To kickstart my last adventure of 2022, I flew United Polaris 767 business class from Newark to London on the first leg of my journey to South East Asia.
Not only would this be my first long-haul business class flight with United, but it was also my first time taking a daytime eastbound transatlantic service.
Most eastbound transatlantic flights are overnight, so this daytime flight would allow me to get in a whole day of work onboard the plane instead of enduring an uncomfortably short sleep period, as is usually the case on most transatlantic flights.
After many positive visits to United Polaris lounges in the past, I was looking forward to seeing if United’s onboard product would live up to the same lofty standards as the ground experience.
This United Polaris flight was part of an Aeroplan booking that took me to London, Hanoi, and Singapore. In total, I redeemed 92,500 Aeroplan points for these flights, leveraging both the “Asia 3” sweet spot on Aeroplan, as well as Aeroplan’s generous stopover policy.
Since the total distance of my journey was under 11,000 miles, I redeemed 87,500 Aeroplan points for my flights with United and Bamboo Airways, and then added an additional 5,000 points for a three-day stopover in London.
The stopover was ideal for me, as not only could I visit some friends and review a hotel in London, but I’d need to later traverse the city to London Gatwick for my departing flight on Bamboo Airways anyway.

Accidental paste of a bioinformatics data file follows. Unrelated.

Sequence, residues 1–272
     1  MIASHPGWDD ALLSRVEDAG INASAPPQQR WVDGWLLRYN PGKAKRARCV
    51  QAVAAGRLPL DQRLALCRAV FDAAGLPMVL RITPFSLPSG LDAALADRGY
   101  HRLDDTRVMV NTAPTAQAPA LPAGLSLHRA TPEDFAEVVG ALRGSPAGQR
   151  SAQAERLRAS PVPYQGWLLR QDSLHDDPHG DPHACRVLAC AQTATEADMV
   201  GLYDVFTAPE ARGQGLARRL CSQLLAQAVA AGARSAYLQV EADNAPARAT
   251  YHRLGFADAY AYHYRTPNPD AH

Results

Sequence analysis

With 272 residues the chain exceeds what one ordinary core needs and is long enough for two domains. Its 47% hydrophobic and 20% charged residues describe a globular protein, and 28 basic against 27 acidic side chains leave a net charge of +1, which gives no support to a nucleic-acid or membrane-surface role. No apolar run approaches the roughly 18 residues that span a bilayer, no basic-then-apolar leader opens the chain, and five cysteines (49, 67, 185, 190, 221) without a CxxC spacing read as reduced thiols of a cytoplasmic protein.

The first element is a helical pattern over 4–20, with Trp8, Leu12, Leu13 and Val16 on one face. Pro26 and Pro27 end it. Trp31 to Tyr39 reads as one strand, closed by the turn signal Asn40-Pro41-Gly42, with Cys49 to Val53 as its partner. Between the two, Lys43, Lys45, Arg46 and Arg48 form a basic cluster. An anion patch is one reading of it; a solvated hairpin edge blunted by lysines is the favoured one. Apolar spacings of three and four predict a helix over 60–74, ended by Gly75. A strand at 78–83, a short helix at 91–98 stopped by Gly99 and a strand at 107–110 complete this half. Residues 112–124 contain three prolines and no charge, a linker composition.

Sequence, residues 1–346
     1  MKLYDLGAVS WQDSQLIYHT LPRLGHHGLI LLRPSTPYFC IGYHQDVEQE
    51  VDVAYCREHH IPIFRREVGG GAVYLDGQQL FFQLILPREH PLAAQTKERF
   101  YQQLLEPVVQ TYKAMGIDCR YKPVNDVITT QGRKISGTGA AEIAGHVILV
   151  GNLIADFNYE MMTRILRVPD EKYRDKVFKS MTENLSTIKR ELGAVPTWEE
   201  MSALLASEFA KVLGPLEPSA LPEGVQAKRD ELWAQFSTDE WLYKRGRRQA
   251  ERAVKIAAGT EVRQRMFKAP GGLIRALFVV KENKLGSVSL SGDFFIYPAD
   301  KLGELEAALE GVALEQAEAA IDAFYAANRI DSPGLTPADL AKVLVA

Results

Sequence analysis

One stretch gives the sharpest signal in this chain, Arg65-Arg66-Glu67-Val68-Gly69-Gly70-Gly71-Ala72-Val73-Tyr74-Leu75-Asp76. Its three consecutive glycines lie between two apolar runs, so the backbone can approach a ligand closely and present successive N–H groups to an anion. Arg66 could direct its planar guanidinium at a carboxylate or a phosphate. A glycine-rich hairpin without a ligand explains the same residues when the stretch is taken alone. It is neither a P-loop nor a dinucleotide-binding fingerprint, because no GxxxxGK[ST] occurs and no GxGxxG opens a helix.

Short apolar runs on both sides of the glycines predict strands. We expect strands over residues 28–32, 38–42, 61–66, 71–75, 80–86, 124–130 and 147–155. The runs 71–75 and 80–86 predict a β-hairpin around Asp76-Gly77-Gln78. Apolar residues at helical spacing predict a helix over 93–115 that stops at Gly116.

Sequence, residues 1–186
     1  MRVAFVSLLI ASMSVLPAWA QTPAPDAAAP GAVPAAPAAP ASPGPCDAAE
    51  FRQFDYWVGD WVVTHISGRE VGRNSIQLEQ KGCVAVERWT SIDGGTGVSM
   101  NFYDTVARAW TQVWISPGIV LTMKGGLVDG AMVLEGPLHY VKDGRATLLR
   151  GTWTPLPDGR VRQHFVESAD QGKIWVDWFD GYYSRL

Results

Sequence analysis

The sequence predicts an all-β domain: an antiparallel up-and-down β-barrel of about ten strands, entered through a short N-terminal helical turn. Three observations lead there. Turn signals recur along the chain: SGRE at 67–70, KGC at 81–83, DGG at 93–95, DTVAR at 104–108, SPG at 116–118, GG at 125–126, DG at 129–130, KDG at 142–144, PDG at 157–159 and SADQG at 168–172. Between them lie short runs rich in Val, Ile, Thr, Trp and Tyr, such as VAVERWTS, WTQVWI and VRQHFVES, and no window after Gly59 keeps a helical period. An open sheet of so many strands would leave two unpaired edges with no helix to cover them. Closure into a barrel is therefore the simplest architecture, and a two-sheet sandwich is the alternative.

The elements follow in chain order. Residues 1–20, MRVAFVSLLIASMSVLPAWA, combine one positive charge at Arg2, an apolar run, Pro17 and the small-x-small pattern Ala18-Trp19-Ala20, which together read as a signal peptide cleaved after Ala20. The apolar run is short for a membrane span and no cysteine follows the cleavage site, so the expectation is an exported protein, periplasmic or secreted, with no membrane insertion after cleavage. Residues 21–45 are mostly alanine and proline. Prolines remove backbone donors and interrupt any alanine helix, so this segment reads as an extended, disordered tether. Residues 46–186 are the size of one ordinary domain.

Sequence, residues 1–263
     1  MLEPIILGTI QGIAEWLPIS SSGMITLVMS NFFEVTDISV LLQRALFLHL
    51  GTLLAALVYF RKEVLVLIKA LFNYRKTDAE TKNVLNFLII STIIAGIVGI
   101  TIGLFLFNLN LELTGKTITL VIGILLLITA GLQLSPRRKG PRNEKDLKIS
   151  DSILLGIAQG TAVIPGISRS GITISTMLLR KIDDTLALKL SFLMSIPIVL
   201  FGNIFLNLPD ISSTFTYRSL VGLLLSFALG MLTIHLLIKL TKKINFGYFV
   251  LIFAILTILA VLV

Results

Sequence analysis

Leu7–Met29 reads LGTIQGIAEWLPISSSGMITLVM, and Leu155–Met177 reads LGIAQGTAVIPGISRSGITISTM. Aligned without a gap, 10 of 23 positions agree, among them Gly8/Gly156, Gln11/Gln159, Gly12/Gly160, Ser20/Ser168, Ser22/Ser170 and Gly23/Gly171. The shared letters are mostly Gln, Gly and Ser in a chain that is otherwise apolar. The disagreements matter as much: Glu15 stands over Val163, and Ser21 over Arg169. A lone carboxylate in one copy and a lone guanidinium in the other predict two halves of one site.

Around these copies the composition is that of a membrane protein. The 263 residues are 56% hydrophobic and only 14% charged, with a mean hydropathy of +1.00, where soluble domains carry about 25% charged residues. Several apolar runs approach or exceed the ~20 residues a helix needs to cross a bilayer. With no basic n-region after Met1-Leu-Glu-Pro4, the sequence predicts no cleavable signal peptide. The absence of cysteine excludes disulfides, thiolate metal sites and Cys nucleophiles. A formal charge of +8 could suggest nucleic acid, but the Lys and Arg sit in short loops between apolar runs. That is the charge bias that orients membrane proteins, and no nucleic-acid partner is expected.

I popped into the United Polaris Lounge Newark prior to my flight. I had been to this lounge once in the past and had enjoyed my visit.
This lounge is undoubtedly a step above the typical North American airport lounge, and indeed United’s standard United Club lounge offering, with a stunning interior design and excellent amenities.
There’s ample seating space, so it’s easy to find a quiet corner. For those looking to get some work done, a series of ergonomically designed pods make for a productive workspace.
Additionally, shower suites and nap rooms are available for added comfort and heading to your flight feeling refreshed .
The lounge offers a diverse buffet, as well as a à la carte menu, in the aptly named Dining Room.
I sat down and ordered the breakfast bowl and the breakfast burger to fuel up before my flight. I enjoyed both dishes, and finishing every bite left me pleasantly satiated before heading to my gate to board.
One bonus about flying with United is that the Polaris lounges are located in the same terminal from which the airline’s long-haul flights depart. If you’re flying with another Star Alliance airline, you usually have to leave plenty of time to get to another terminal, which cuts into your ground experience.
On United’s Boeing 767, there are a total of 30 lie-flat Polaris seats spread out in a staggered 1-1-1 configuration across ten rows.
Polaris is the airline’s flagship business class product, and all of its long-haul fleet are being or have been retrofitted with Polaris business class. Each seat has direct aisle access, which, at this point, should be the standard for most airlines.
Odd-numbered window seats are positioned nicely against the window for more privacy, while even-numbered window seats are situated closer to the aisle.
The odd-numbered seats are indeed the best seats to choose as a solo traveller, so I took up residence in Seat 9L for this flight.
Unfortunately, for those travelling as a duo on the Boeing 767, you’ll be staggered no matter which seat you choose. Despite this, the seat’s structure provides exceptional privacy.
Note that United’s Boeing 787 and 777 aircraft are equipped with Polaris business class seats in a 1-2-1 configuration, rather than 1-1-1. Travelling couples may therefore prefer to seek out the 787 or 777 for neighbouring business class seats.
Indeed, here on the Boeing 767, the relatively narrow width means that there’s only enough space for one seat per row down the middle, which results in a rather unconventional cabin layout in which the middle seats alternate between being accessed from the left- and right-side aisles.